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Is John Sayles’ America’s Most Humanist-Political Filmmaker? “Amigo” Takes on U.S. Occupation

Is John Sayles' America's Most Humanist-Political Filmmaker? "Amigo" Takes on U.S. Occupation

In John Sayles’s new film “Amigo,” a look at the U.S. occupation of a Philippine hamlet during the Spanish-American War in the 1900s, the director once again shows his amazing knack for humanist, politically engaged storytelling that transcends liberal pigeonholing. I’d love to see how Sayles would handle the Iraq war head-on. Though “Amigo” is obviously a thinly veiled comment on America’s more recent overseas incursions, the film never loses sight of its historical specificity.

And like all of Sayles’ cinema, nearly every character here — even the most nefarious or tangential — will end up far more multifaceted and complex than what he or she first appears. “Amigo,” for example, gives due to several strata of ethnicities and classes within his microcosmic world of American imperialism.

Even the invading U.S. soldiers, initially appearing to be white, ignorant ugly Americans, eventually reveal levels of nuance and vulnerability. (One Southern soldier admits he’s nothing but a share-cropper, barely different from the slaves his family toils beside back home.)

And though they have little to do with the main narrative, a few Chinese men — who are essentially slaves for the U.S. Army — receive a subjectivity in Sayles’ writing that is rare for minor characters.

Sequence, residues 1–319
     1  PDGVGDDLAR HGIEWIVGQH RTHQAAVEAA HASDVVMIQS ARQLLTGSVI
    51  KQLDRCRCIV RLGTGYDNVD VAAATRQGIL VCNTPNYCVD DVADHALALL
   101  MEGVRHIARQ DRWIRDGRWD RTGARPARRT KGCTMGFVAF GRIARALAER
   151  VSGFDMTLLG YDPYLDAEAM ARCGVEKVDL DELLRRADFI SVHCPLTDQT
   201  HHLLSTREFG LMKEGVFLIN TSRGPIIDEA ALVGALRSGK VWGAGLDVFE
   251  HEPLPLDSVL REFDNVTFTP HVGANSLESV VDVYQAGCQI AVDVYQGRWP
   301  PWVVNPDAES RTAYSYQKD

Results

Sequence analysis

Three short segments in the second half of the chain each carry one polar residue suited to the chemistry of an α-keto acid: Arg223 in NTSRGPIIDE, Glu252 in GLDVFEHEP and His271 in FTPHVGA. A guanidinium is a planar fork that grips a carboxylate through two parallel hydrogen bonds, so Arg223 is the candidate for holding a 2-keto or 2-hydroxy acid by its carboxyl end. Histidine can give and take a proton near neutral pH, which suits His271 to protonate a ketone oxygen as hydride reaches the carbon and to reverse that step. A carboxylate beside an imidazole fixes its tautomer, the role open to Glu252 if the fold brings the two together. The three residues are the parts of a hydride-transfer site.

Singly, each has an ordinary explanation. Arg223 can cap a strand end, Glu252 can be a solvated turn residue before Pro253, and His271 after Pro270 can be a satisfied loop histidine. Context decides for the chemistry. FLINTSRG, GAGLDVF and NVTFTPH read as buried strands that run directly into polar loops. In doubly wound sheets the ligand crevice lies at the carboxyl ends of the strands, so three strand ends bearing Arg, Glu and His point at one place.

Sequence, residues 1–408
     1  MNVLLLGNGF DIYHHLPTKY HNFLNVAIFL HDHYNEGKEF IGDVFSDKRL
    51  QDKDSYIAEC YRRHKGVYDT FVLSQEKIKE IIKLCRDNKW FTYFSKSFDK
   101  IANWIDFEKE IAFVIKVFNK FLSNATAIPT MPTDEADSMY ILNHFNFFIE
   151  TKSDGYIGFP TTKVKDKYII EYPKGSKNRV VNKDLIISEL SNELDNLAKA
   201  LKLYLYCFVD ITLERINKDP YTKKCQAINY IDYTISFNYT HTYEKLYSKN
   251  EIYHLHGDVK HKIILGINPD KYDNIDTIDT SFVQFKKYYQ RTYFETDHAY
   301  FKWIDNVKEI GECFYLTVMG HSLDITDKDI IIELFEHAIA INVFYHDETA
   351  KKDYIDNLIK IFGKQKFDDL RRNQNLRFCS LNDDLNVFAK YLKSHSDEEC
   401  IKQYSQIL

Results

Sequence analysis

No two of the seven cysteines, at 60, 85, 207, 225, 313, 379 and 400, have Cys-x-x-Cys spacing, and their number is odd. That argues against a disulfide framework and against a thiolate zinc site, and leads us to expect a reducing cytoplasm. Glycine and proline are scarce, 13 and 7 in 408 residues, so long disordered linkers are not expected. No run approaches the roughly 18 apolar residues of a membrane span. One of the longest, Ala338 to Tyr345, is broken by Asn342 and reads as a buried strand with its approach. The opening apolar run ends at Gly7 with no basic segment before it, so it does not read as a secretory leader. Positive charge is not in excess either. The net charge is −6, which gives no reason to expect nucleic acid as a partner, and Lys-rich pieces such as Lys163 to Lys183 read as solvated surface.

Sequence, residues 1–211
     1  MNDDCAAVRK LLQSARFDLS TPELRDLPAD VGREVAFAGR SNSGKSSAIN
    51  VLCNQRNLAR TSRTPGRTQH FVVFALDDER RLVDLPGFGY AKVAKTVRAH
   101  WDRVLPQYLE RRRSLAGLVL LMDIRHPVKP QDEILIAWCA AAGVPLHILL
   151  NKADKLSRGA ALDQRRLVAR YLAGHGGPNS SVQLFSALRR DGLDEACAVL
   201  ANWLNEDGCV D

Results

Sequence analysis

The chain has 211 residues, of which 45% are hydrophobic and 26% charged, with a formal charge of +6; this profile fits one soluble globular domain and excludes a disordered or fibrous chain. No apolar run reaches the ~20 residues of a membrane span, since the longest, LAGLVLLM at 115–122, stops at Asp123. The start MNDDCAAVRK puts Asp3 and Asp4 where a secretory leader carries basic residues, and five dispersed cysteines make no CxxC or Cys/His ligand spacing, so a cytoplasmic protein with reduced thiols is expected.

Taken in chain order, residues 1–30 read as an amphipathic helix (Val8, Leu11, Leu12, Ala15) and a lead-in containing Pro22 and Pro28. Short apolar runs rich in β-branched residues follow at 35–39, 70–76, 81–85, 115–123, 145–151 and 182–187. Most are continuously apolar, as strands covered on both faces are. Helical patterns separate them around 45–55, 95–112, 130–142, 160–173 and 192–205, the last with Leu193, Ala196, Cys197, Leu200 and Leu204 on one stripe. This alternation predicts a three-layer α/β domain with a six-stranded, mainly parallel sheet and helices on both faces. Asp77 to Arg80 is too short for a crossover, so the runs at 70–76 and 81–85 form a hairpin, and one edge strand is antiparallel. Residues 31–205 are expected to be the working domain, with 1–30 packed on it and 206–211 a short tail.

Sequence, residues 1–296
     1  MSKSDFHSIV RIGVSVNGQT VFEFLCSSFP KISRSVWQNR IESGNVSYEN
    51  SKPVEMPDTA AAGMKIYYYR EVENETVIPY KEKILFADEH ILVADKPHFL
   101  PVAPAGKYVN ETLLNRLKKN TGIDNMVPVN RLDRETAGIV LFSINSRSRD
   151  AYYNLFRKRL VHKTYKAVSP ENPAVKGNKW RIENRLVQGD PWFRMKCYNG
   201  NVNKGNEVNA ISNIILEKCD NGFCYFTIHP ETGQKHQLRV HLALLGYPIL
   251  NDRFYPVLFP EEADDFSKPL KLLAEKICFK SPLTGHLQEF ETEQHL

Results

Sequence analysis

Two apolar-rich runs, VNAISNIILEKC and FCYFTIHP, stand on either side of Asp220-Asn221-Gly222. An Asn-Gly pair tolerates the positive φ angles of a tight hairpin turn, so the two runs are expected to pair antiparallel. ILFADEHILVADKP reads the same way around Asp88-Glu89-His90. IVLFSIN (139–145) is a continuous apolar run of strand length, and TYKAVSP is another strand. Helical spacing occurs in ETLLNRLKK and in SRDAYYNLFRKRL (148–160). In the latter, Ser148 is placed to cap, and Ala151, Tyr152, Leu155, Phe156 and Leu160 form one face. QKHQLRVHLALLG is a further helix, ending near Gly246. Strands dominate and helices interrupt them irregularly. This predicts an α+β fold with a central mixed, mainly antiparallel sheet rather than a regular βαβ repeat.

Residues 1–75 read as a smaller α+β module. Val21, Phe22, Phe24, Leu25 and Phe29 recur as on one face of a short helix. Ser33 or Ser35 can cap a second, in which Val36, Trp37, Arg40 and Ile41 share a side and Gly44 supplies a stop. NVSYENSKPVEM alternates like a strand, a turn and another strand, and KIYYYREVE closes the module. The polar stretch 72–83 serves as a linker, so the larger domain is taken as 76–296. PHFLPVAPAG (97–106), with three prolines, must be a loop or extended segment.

But that is what Sayles does best: showing the interlocking mechanisms and various interrelated ensemble of human beings that are part of the societies he depicts, whether those in the labor struggles of the 1920s (“Matewan”), a Texas border town (“Lone Star”) or the gentrification of the Florida coast (“Sunshine State”).

And unlike Hollywood, you’d never catch Sayles pinning a narrative to the white hero’s point of view: Like “Men With Guns” or “The Brother from Another Planet,” “Amigo” foregrounds the perspective of the oppressed people, not the white dominant position.

And this, of course, is something that makes his movies entirely difficult to make.

When I interviewed Sayles a few years ago for indieWIRE (The Return of John Sayles; From “Secaucus” to the “Sunshine State”), he spoke to me about trying to get “Amigo” made.

“We’ve got an epic that I wrote about the Philippine insurrection after the Spanish American War, but most of the characters are black people and it will cost more than 10 million dollars,” he said. “When we were looking for money, the one thing that they’re not interested in is black people. I generally write them first and then we figure out how to finance it.”

Sayles is that rare American filmmaker, more true to himself and his political interests than just about anyone else still working today.

“Our movies are political in that they deal with how people affect each other, and how governments affect people and how people affect governments, but they are not ideological,” he said. “I would say they just recognize that there are politics involved in a lot of things. There are politics involved in sports, it may be racial, sexual or economic, but they are there and they are affected by history and they are changing constantly.”

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